A Real Lesson In The Result of a Battle Between Unregistered Trademarks – Having to Disgorge Your Profits

The merits of a spiced autumn harvest wine weren’t up for
debate in a recent Wisconsin case,  C&N Corp. d/b/a Door County Winery v. Illinois
River Winery
.  Just the issue of which
one of these Illinois/Wisconsin wineries had the better claim to sell theirs by
the name Hallowine and whether priority rights in an unregistered trademark
could force a competing winery to disgorge its profits… yes, it can.

After Illinois
River Winery
filed an application to the USPTO to trademark the word
Hallowine.  When Door County Winery learned of the
application, they filed an opposition that ultimately resulted in this decision
from the trademark office finding in favor of Door County.  The problem was that both companies made
something called Hallowine.  Their
respective labels and bottles were:

The PTO Trademark Trial and Appeal Board issued this opinion
sustaining Door County’s opposition to Illinois River’s
application to register
the Hallowine mark and also found that Door County had priority in an
unregistered Hallowine word mark and that there was a likelihood of confusion
between the two wineries’ use of the Hallowine Mark.  That opinion was issued on October 21, 2008,
and for some reason, Illinois River apparently didn’t stop using the mark and
Door County sued to stop it.  Door County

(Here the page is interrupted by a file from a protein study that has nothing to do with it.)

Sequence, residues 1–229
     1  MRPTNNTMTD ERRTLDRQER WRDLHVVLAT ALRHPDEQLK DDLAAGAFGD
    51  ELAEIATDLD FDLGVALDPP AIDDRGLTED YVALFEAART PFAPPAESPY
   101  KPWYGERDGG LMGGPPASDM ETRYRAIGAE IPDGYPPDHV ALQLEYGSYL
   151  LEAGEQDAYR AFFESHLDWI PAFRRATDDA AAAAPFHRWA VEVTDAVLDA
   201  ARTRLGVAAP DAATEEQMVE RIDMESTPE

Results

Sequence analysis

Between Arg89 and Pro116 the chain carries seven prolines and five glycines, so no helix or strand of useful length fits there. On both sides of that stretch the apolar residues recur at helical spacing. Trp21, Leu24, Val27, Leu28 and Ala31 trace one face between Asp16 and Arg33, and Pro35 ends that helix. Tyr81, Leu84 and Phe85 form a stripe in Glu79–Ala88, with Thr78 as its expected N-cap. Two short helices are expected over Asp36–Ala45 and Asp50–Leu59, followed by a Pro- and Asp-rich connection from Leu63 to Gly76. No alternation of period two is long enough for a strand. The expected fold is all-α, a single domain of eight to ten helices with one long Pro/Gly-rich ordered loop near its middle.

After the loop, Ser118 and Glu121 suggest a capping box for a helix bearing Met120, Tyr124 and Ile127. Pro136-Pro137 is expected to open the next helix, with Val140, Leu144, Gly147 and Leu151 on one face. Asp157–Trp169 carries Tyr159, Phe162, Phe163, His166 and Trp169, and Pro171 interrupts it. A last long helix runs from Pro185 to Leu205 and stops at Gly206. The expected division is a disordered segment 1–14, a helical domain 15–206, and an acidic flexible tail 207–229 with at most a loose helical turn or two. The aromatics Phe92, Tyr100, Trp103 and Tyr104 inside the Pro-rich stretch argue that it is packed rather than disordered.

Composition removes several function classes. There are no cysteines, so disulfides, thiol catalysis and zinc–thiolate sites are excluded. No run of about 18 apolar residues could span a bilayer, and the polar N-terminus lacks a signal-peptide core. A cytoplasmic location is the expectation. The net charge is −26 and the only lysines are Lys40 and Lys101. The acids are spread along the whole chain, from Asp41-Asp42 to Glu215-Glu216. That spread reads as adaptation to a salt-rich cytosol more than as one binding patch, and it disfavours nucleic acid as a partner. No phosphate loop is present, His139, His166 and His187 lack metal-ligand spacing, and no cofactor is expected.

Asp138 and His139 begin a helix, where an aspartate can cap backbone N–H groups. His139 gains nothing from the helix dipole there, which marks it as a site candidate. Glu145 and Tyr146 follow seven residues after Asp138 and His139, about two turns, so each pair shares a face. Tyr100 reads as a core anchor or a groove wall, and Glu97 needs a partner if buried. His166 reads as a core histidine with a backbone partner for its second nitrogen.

brought a motion arguing that the TTAB had already determined that Door County
had priority and that the only issue left was what the damages against Illinois
River would amount to – they amounted to quite a bit, the total revenue from Illinois
River’s infringing sales during the known infringing period – the October 21,
2008 date of the decision through December 2012 – $508,864.26.

Now, under the Lanham Act the measure of damages could have
been reduced if Illinois River would have put forth evidence that of the
$508,864.26, some was the cost of production which could have been deducted
from the revenue… but it didn’t, so it has to disgorge the whole revenue
stream.  You can read the whole court opinion here.

The little lesson here is to scrutinize the entire marketplace when you
think you’ve got a new name or a new mark, not just the trademarks on file with
the USPTO.

Ashley Brandt

Hi there! I’m happy you’re here. My name is Ashley Brandt and I’m an attorney in Chicago representing clients in the Food and Beverage, Advertising, Media, and Real Estate industries. A while back I kept getting calls and questions from industry professionals and attorneys looking for advice and information on a fun and unique area of law that I’m lucky enough to practice in. These calls represented a serious lack of, and need for, some answers, news, and information on the legal aspects of marketing and media. I've got this deep seeded belief that information should be readily available and that the greatest benefit from the information age is open access to knowledge... so ... this blog seemed like the best way to accomplish that. I enjoy being an attorney and it’s given me some amazing opportunities, wonderful experiences, and an appreciation and love for this work. I live in Chicago and work at an exceptional law firm, Goldstein & McClintock, with some truly brilliant people. Feel free to contact me at any time with any issues, comments, concerns… frankly, after reading this far, I hope you take the time to at least let me know what you think about the blog and how I can make it a better resource.

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